American Alpine Jounrna and Accidents in North American Climbing

Asia, Tibet, Mt. Everest, New Mallory and Irvine Discoveries, North Ridge Ascent, Rescues

  • Climbs And Expeditions
  • Climb Year:
  • Publication Year: 2002

Mt. Everest, new Mallory and Irvine discoveries, north ridge ascent, rescues. On March 20 our 2001 Mallory and Irvine Research Expedition arrived at Rongbuk Base Camp hoping we could find the camera we believed Andrew Irvine was carrying in 1924. As in 1999, we started early in the season, hopeful for less snow on the upper mountain. Our team of seven professional guides (Dave Hahn, Brent Okita, John Race, Tap Richards, Jake Norton, Andy Politz, and me as leader) was supported by 19 climbing Sherpas, team doctor Lee Meyers and historian Jochen Hemmleb. A group of climbers and trekkers joined us later, accompanied by guides Heidi Eichner, Craig John, Heather Macdonald, and Jason Tanguay. We were several weeks ahead of the many other expedition teams that season, and our climbers and Sherpas fixed the entire modern climbing route and established six camps before others caught up. This included fixing to camp 4/north col (23,200'/7070m), to Camp 5 on the north ridge (25,600'/7800m), to camp 6 (26,900'/8200m) on the North Face, through the Yellow Band, from the base of the first step to the top of the Second Step, the Third Step, and the summit pyramid.

During the last week of April our group conducted two major searches, with a total of seven days spent combing the area between 26,000 and 28,000 feet on the North Face, including a four-day stint at Camp 6 by Richards, Hahn, and Politz. Two days later Okita and Norton climbed the true North Ridge above Camp 5 pioneered by the British, probably for the first time since 1938, searching all the way to the First Step. New discoveries included the British 1922 ABC and Camp 6 sites from 1924 and 1933, as well as the 1960 and 1975 Chinese Camp 6 sites and 1960 Chinese Camp 7. Our first summit bid in early May ended with the successful carry-out rescue from below ABC of two desperately ill Chinese glacial research students unconscious with cerebral edema. A second summit attempt was thwarted by deep snow in the Yellow Band and a third attempt was turned back by bad weather from Camp 5. Finally, on May 19, our non-guided climbers Mike Otis and Terry LaFrance reached the top along with Sherpas Kami, Mingma Ongel, Lhapka Nuru, and Danuru. They climbed the modern north side route from Camp 6, and were the first to the summit in 2001 from either side of Everest.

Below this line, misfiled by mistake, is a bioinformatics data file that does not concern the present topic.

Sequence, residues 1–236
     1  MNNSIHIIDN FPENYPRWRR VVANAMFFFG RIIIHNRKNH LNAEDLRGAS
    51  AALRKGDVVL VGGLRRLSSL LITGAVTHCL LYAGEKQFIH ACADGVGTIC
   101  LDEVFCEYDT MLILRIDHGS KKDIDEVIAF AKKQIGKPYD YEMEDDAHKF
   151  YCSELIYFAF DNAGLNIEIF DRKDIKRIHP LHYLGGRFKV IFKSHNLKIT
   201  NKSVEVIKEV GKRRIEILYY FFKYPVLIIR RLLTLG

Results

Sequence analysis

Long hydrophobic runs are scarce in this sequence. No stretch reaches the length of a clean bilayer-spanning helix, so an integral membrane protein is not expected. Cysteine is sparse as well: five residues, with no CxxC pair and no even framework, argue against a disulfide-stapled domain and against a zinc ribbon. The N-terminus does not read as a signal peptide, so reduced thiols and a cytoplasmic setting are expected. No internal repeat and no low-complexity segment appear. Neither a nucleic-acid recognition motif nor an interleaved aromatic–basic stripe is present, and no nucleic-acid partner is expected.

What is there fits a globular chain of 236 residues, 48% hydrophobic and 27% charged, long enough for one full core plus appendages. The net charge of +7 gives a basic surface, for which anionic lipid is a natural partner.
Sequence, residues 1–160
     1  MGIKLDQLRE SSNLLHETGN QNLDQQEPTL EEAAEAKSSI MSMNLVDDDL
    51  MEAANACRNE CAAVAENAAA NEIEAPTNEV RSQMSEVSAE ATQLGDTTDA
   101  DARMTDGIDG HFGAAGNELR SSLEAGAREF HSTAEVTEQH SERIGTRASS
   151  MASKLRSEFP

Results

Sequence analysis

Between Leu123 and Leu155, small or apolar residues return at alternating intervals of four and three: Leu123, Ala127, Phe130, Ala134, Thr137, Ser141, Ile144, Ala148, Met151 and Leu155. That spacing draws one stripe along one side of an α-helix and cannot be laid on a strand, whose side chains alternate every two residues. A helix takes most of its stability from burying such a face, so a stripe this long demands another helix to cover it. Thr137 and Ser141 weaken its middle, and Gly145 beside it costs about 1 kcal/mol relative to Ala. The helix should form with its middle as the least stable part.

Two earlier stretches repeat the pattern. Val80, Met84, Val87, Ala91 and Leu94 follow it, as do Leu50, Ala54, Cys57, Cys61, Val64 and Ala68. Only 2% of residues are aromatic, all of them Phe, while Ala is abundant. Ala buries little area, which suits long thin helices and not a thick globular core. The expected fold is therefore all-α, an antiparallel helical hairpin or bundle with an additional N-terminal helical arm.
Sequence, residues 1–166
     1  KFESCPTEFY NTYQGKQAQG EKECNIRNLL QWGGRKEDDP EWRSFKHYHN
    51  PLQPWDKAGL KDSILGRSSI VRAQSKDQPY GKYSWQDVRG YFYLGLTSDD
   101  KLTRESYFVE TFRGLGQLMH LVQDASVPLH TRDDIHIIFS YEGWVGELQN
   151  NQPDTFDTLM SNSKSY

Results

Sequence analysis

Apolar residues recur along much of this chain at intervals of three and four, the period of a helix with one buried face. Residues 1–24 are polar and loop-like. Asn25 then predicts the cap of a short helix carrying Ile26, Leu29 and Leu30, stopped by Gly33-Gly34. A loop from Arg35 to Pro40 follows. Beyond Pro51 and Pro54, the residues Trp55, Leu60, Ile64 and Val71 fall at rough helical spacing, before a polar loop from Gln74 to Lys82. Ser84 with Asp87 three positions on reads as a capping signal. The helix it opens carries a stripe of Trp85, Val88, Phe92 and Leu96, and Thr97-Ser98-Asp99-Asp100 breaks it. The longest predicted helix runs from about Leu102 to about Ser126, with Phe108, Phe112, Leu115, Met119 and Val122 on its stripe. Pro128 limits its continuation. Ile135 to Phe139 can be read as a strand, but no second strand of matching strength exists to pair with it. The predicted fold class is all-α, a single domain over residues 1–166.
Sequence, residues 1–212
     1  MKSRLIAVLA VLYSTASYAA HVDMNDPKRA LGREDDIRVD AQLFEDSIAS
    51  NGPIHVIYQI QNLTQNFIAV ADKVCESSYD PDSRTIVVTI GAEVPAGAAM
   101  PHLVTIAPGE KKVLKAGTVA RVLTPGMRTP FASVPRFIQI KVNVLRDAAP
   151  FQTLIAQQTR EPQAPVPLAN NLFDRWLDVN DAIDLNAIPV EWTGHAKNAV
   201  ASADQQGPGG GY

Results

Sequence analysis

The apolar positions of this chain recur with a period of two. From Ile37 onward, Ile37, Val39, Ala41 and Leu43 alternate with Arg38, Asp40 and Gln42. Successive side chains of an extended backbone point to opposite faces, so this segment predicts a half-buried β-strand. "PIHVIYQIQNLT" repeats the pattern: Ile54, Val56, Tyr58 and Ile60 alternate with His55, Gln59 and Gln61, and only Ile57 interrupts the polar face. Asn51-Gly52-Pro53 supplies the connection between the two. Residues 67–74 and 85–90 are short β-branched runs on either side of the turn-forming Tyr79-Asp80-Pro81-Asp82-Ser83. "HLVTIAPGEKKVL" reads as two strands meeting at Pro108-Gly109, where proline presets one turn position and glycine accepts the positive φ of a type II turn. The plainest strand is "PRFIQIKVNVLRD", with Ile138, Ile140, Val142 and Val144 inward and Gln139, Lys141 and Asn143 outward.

Our final high altitude search and summit bid saw Hahn, Richards, Tanguay, and Politz give up their summit climb on a perfect day to rescue five climbers stranded overnight near the top and unable to descend: three from Mushroom Rock (28,120'/8570 m) and two from the Third Step (28,500'/8690m). The irony of this did not escape us, as our team had gone looking for evidence of climbers long dead and found instead climbers who were alive, albeit barely. This epic rescue, one of the highest in history, resulted in the AAC’s David Sowles award being presented to these four climbers, along with Lobsang and Phurba Sherpa, for their amazing efforts. Our final discovery came not on the slopes of Mt. Everest, but in Beijing, China. In late August 2001, Simonson and Hemmleb interviewed climbers from the 1960 and 1975 Chinese Everest expeditions and came away with previously unrecorded information regarding their climbs and discoveries they had made, including the 1960 sighting of a body in a location completely different from the Mallory site. This could only have been Andrew Irvine. We now conclude that Wang Hongbao sighted the remains of Mallory in 1975. There is still work to be done by future detectives on Everest!

Eric Simonson, AAC

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